"The things you have learned and received and heard and seen in me, practice these things, and the God of peace will be with you.” (Philippians 4:9)
"For you yourselves know how you ought to follow our example, because we did not act in an undisciplined manner among you.” (2 Thessalonians 3:7)
It’s one thing for Superman to tell Supergirl to imitate him, but could you imagine what it was like for Paul telling people to imitate him? Better question — would you feel comfortable having people imitate you? If someone wanted to know Jesus better, could you be someone worth following?
Even if you aren’t someone who wants people following their example, someone is always following you. While we may not have Superman or Paul among us, it’s important we have people we can follow as examples in our faith as well. Check out what we see in Hebrews. “Remember those who led you, who spoke the word of God to you; and considering the result of their conduct, imitate their faith” (Hebrews 13:7).
We need these physical examples in our life to imitate, so I strongly encourage you to find someone in your walk with God who is worthy of imitation, and even more so, be someone worthy of imitation.
Batgirl: Barbara Gordon
Barbara Gordon is the daughter of Batman’s longtime ally, Commissioner Gordon. While she has a physical role model right in front of her (her dad), she chose a different route. She chose to imitate the City’s urban legend of a guardian, the Bat. She didn’t have a personal relationship with him, and in most versions of the story, she had never even met him before she donned the costume. She simply saw that there was this person or creature out there in the darkness fighting evil, keeping her father safe, and making Gotham a safer place. Because of this, she sought after it. She made her own costume and went out and fought crime by imitating the Batman. She began to become a representation of the same thing the Batman did, and eventually became part of his team and his family. When she began imitating him, he was this distant figure and concept, and then he became one of the closest people in her life. Her experience led her to not only train other members of the Bat family like newer Robins, but when she eventually became the hero “Oracle,” she was key to the activity and success of the Justice League and most of the heroes in the DC Universe. It all started by imitating someone she couldn’t see or touch. This is the same concept we see when we are called to be imitators of God.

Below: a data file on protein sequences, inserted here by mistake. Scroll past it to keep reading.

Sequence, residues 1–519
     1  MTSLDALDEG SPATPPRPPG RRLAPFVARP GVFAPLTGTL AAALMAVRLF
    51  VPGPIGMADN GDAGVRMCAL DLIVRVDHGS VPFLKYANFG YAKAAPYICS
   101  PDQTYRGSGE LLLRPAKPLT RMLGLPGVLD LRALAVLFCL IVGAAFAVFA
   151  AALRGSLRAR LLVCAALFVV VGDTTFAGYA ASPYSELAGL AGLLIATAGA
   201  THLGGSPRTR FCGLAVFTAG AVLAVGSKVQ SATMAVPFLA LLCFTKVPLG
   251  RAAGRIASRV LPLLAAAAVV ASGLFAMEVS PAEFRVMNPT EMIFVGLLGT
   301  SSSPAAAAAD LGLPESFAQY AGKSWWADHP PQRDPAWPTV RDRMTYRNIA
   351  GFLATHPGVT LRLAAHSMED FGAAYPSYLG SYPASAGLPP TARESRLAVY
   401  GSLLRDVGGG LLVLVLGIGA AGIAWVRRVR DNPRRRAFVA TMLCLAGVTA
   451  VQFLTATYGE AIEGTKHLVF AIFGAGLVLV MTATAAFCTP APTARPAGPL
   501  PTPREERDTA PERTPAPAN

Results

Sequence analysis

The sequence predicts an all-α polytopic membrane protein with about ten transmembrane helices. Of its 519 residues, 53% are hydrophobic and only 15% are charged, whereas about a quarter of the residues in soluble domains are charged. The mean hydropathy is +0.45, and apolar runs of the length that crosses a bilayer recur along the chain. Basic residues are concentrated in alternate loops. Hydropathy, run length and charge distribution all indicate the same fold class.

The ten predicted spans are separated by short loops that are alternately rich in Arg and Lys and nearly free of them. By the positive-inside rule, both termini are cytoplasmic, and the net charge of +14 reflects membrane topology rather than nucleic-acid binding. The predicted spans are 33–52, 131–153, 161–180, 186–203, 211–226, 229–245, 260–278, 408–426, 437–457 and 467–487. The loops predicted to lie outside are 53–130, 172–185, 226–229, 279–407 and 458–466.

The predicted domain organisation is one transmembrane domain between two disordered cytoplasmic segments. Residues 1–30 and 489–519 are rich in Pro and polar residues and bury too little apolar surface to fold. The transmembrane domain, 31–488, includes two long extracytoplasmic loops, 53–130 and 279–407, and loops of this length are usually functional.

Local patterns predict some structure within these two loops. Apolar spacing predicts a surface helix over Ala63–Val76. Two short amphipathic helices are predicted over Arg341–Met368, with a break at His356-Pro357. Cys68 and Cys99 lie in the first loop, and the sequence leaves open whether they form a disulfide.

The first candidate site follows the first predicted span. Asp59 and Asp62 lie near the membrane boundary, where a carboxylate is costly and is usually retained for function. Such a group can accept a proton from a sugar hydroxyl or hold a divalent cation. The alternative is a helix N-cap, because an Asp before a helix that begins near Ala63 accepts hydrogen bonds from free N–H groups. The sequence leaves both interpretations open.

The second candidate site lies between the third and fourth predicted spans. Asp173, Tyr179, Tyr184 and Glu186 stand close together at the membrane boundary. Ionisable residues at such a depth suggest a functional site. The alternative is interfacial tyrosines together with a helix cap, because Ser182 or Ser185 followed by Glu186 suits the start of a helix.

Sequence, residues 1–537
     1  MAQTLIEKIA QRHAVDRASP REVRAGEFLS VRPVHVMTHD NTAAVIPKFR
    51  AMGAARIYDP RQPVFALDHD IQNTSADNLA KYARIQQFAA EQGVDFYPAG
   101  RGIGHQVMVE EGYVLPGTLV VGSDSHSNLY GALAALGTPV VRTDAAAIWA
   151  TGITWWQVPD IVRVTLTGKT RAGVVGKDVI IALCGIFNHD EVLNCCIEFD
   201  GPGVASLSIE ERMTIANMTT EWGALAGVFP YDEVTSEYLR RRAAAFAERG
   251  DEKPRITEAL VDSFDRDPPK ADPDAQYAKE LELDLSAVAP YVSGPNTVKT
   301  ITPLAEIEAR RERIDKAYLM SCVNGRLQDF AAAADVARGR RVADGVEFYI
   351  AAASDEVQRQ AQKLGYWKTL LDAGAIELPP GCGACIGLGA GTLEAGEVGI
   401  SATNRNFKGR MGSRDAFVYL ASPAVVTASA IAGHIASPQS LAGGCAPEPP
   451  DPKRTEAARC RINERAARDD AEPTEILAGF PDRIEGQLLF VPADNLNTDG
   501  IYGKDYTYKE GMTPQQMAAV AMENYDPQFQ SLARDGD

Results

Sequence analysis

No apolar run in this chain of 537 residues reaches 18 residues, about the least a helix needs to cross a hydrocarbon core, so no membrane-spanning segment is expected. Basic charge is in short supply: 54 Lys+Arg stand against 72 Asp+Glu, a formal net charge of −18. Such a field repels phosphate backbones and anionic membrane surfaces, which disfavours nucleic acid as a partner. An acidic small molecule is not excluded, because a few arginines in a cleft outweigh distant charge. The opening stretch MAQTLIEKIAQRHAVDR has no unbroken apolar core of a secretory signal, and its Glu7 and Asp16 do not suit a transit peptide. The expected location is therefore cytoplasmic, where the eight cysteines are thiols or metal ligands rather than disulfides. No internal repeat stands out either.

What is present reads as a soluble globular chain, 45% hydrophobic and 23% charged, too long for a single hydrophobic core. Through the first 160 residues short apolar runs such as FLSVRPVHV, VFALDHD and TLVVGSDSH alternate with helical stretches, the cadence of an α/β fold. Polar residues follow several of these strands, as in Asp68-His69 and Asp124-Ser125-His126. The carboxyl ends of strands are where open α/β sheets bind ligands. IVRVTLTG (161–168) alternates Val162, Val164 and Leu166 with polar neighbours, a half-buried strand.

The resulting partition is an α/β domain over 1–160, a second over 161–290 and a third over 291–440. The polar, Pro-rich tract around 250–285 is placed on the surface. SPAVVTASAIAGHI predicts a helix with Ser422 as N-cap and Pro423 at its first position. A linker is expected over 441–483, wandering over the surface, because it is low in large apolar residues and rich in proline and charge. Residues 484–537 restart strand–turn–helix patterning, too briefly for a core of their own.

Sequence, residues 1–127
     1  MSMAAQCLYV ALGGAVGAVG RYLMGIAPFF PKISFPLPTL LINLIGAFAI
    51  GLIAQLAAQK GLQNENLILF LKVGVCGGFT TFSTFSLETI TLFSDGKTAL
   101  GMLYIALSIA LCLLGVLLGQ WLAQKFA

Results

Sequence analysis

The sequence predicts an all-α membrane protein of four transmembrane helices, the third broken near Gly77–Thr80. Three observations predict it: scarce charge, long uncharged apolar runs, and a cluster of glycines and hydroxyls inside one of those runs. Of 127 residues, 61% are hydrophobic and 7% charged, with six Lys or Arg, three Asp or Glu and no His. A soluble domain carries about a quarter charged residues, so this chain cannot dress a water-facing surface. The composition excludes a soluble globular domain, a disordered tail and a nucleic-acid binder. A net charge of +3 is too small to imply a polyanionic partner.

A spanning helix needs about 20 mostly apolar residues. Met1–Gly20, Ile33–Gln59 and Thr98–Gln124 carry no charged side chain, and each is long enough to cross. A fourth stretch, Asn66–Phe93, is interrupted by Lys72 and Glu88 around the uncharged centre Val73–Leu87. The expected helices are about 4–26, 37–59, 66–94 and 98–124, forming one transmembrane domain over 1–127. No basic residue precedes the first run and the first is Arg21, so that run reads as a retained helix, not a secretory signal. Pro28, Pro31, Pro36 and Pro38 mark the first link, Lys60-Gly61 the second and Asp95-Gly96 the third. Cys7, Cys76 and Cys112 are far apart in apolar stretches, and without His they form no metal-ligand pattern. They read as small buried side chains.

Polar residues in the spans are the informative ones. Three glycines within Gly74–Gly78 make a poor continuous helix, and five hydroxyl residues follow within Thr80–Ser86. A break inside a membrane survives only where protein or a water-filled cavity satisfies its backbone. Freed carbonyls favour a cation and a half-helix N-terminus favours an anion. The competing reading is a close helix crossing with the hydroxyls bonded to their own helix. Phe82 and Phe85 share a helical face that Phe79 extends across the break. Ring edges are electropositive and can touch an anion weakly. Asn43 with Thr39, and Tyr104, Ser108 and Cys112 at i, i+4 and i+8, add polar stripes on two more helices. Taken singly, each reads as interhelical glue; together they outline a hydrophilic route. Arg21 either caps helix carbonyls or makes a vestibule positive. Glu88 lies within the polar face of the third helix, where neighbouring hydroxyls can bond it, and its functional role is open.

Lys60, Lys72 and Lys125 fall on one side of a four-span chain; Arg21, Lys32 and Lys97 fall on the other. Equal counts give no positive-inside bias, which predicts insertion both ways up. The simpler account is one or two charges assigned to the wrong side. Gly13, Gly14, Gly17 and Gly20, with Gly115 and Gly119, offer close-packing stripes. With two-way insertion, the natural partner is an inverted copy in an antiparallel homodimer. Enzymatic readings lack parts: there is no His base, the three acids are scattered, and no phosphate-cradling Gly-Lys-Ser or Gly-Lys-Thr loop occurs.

Paul may have been quick to tell others to imitate him, but it was all to the purpose of getting people to imitate God.
"Therefore be imitators of God, as beloved children” - Ephesians 5:1
Paul may be a good candidate to tell people to imitate God, but Moses actually shows us that God Himself calls us to imitate Him. "You are to be holy to me because I, the LORD, am holy, and I have set you apart from the nations to be my own” (Leviticus 20:26). The creator of the universe, the all powerful God, wants us to imitate Him by living in holiness the way He is holy. We can’t see God as a physical being on a day to day basis, but we can still learn his ways and imitate Him. While Jesus was a physical manifestation of God when he walked with His disciples, we as the modern church have only known Him through the Spirit and The Word, but still He gives us the guideline to imitate Him.